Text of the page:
Drugmakers shaped policy amid the drug crisis

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Drugmakers shaped policy amid the drug crisis

Purdue Pharma agreed to pay more than $600 million in fines in 2007 for misleading the public about the risks of OxyContin.
Brands and dosages of fentanyl, a narcotic that is typically administered to people with chronic pain, including end-stage cancer patients.
Purdue Pharma offices in Stamford, Conn. In 2007, the company pleaded agreed to pay more than $600 million in fines for misleading the public about the risks of OxyContin.
Keith Humphreys, a professor of psychiatry and behavioral sciences at Stanford University on Aug. 29, 2016. “You can go a long, long way in getting what you want when you have a lot of money,” he says.
Food and Drug Administration Commissioner Dr. Margaret Hamburg speaks during an event in the East Room of the White House in Washington in 2014 argued that the number of Americans living in pain justified keeping painkillers accessible.
Keith Humphreys, a professor of psychiatry and behavioral sciences at Stanford University on Aug. 29, 2016. “You can go a long, long way in getting what you want when you have a lot of money,” he says.
Dr. Nathaniel Katz, a former adviser to the Food and Drug Administration, and currently CEO of Analgesic Solutions, implored an FDA panel to support tougher requirements to manage opioid risks in 2010.

Drugmakers shaped policy amid the drug crisis

Purdue Pharma agreed to pay more than $600 million in fines in 2007 for misleading the public about the risks of OxyContin.
Brands and dosages of fentanyl, a narcotic that is typically administered to people with chronic pain, including end-stage cancer patients.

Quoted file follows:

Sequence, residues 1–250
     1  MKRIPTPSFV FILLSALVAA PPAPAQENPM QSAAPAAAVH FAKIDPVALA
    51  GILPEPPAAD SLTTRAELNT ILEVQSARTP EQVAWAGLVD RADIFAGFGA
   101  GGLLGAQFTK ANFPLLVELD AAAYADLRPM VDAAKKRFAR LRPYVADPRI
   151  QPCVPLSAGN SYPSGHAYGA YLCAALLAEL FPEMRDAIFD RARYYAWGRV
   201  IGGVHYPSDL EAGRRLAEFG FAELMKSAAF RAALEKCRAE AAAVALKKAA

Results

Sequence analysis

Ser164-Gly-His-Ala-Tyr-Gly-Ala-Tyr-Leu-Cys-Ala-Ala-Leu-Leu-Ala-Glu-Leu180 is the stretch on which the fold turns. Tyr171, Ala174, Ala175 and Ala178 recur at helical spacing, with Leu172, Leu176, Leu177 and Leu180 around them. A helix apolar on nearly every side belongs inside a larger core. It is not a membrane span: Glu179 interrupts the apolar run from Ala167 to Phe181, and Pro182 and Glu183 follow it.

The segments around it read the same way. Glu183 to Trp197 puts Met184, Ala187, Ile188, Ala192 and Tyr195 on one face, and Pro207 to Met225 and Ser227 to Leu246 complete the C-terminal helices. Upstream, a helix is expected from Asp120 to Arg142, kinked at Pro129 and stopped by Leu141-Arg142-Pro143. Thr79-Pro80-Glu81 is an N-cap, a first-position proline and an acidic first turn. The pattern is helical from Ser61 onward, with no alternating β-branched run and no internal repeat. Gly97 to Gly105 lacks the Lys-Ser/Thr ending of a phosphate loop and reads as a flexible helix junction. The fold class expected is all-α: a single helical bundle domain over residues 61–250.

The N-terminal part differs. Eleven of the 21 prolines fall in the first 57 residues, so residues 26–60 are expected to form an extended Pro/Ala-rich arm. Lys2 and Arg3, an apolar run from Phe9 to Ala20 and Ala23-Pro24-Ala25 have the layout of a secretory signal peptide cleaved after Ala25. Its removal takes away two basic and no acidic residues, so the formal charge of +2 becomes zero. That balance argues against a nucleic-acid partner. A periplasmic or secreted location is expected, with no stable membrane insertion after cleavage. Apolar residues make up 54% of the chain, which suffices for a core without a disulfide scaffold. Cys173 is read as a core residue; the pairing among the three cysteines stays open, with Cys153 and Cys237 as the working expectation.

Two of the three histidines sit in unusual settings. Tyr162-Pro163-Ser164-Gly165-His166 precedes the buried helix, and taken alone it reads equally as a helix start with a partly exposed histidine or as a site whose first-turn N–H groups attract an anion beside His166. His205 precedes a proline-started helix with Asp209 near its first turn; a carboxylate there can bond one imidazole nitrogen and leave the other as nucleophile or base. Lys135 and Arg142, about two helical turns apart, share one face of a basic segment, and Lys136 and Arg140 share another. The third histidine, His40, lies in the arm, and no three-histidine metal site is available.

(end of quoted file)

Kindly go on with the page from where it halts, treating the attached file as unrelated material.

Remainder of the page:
Purdue Pharma offices in Stamford, Conn. In 2007, the company pleaded agreed to pay more than $600 million in fines for misleading the public about the risks of OxyContin.
Keith Humphreys, a professor of psychiatry and behavioral sciences at Stanford University on Aug. 29, 2016. “You can go a long, long way in getting what you want when you have a lot of money,” he says.
Food and Drug Administration Commissioner Dr. Margaret Hamburg speaks during an event in the East Room of the White House in Washington in 2014 argued that the number of Americans living in pain justified keeping painkillers accessible.
Keith Humphreys, a professor of psychiatry and behavioral sciences at Stanford University on Aug. 29, 2016. “You can go a long, long way in getting what you want when you have a lot of money,” he says.
Dr. Nathaniel Katz, a former adviser to the Food and Drug Administration, and currently CEO of Analgesic Solutions, implored an FDA panel to support tougher requirements to manage opioid risks in 2010.
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